Qin also discussed the devil and angel on his shoulders heading into this race debating whether to be content with two golds or really go for the triple.
“I learnt a lot from yesterday’s semi final, because we all know Zac Stubblety-Cook has a strong last 100,” Qin said. “So for me, my strength is my speed, and I have very good confidence in my speed. I also know if we touch the wall together at the 150, the last 50 I want to go with him. That’s why I know speed is my strength.
“But of course people have two sides,” he continued. “They’re a little bit of angel, and a little bit of devil inside. So this afternoon it was kind of a struggle between those two. I told myself, maybe I can lose this race, I’ve already got two gold medals. But before the race, I told myself, when I’m in the pool there is no loser, I don’t want to be a loser, I have to win. That’s why I used my speed, and that’s why I used my confidence to win this race.”
Kate Douglass missed the women’s 100 free podium by just a tenth of a second early in the session before the 21-year-old American returned to claim silver in the 200 breast (2:21.23) behind South Africa’s Tatjana Schoenmaker.
“I am really proud of myself for both of my races tonight,” Douglass said. “I knew it’s going to be a challenge taking on the double for the one-hundred freestyle and backstroke. I stepped up to that challenge and I think doing both of those makes me proud of myself.
“The 100 free was disappointing to miss the podium by that much, but I think that really fueled me for the 200 breast,” she added. “I just really want to get on the podium and get a medal for ‘Team USA’, and I honestly think that was the motivation for that race.”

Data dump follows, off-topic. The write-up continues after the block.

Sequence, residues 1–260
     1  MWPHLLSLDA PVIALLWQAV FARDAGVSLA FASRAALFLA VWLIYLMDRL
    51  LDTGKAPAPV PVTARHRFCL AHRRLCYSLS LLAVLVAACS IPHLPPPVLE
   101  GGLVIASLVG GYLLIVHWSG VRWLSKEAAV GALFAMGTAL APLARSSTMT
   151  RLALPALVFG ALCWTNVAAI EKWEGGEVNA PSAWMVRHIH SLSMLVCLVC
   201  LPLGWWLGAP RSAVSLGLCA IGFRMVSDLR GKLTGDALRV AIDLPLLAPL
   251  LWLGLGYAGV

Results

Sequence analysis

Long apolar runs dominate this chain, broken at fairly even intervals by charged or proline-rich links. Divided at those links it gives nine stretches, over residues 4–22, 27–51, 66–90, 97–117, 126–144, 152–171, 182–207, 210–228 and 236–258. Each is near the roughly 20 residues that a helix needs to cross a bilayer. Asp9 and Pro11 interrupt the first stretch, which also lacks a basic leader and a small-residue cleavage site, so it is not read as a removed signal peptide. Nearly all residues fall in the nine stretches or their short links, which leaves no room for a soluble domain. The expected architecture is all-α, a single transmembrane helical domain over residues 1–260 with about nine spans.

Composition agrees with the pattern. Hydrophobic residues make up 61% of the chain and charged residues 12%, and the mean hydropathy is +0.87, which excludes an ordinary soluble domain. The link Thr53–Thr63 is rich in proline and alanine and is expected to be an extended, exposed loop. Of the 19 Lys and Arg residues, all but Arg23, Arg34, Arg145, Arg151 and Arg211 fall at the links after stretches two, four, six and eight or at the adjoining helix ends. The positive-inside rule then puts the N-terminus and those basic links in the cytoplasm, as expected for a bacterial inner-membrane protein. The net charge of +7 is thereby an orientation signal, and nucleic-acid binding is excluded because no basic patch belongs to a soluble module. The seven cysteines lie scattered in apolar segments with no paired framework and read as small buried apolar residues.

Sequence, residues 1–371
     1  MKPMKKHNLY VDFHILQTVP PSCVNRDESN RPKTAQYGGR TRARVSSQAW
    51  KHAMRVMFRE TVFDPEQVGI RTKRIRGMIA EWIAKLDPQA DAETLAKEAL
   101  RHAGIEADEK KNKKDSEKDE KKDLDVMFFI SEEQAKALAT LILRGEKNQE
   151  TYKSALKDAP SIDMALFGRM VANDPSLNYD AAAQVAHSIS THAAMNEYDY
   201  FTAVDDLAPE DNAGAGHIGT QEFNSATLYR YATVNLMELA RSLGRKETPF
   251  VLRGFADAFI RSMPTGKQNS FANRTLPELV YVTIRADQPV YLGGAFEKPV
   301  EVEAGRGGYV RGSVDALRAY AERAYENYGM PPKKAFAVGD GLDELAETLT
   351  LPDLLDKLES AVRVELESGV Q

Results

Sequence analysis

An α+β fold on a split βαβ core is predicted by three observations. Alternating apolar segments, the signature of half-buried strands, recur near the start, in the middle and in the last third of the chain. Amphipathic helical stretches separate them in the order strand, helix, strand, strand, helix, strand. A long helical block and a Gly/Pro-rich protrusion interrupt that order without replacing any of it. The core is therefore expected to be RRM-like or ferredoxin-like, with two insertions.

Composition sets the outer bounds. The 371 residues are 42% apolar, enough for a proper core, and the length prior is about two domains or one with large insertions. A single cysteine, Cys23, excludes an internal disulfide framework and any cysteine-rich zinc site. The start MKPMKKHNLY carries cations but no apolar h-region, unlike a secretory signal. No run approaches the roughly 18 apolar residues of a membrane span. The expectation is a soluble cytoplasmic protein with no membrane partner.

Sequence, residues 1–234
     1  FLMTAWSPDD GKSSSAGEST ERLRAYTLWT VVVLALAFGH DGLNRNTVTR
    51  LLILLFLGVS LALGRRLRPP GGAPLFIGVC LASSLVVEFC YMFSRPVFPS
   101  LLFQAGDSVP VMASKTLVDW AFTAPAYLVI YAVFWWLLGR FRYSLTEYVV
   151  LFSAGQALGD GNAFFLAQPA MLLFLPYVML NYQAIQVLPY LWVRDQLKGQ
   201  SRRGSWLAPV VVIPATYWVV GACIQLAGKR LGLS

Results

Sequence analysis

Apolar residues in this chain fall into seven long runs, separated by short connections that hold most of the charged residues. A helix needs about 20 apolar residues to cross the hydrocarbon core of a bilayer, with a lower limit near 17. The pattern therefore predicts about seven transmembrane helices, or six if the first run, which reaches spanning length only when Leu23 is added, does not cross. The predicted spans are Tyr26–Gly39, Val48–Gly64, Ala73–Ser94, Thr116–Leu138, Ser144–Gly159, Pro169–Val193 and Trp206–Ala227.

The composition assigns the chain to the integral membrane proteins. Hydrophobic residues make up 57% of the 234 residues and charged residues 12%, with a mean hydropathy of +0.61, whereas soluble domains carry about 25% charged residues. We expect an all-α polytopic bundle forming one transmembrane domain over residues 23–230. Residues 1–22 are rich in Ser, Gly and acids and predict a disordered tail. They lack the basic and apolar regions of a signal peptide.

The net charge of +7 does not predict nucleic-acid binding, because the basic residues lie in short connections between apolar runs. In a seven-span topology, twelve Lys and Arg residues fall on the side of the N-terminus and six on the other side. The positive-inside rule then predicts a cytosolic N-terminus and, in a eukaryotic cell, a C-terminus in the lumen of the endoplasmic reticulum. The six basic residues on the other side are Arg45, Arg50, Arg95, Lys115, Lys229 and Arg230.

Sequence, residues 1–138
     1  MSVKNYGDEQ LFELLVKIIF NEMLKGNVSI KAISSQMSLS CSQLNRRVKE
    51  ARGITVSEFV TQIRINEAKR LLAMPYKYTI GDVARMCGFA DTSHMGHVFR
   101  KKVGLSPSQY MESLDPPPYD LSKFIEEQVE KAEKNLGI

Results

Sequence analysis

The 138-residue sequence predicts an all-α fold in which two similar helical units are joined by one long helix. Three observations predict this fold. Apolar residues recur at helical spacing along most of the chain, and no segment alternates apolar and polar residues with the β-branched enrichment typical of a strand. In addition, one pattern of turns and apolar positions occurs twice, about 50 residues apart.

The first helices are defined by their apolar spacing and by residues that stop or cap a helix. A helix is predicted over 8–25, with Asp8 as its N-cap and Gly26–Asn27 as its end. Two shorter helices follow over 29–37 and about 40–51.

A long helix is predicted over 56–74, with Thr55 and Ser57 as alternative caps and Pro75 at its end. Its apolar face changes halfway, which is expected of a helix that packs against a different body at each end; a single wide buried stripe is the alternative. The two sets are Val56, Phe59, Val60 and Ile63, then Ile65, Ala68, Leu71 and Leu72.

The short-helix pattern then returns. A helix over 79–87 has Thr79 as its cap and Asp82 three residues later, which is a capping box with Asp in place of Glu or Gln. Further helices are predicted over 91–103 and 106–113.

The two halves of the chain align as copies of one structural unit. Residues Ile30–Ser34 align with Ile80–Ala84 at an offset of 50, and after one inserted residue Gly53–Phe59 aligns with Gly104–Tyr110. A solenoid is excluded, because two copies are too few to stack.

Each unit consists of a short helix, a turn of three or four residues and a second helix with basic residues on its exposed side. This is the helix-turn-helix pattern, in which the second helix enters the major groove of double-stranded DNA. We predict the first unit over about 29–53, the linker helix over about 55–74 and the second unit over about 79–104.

It was the fourth medal of the week for Douglass after triumphing in the 200 IM, taking silver in the 4×100 freestyle relay, and picking up bronze in the mixed 4×100 medley relay. She earned bronze in the 200 breast last year in Budapest.
“It is awesome to see myself grow every year, swimming in a different race or moving up on the podium, and I think that is an awesome feeling, but there is still a lot of room to improve and it just makes me really excited for the future,” Douglass said.
The British men got freestyle relay redemption after a DQ in the 4×100. The Olympic champion quartet of Duncan Scott, Matthew Richards, James Guy, and Tom Dean topped the podium in 6:59.08, nearly a second ahead of runner-up U.S. (7:00.02).
“We want to win next year and we want to be on the top of the podium,” said Carson Foster, who brought the Americans from 4th place to 2nd with his 1:44.49 split on the second leg. “We want to get that spot back, but you know, we went faster than last year, so there’s a lot to be proud of. We’re going to do our best to get back on top next year. We stay in contact throughout the entire year. We all work really hard, and so it feels great to be able to come together and do it together and to earn this together.”
At just 19 years old, Kai Taylor led off the Aussie men’s 4×100 free relay with a personal-best 1:45.79, helping his squad secure the bronze medal in 7:02.13.
“The race was amazing,” Taylor said. “All the boys came together and did what we needed to do. We would have liked to have either gotten second or first, but you know, we’ve all put in a massive effort and we couldn’t be prouder of each other. And bronze, we will take that.”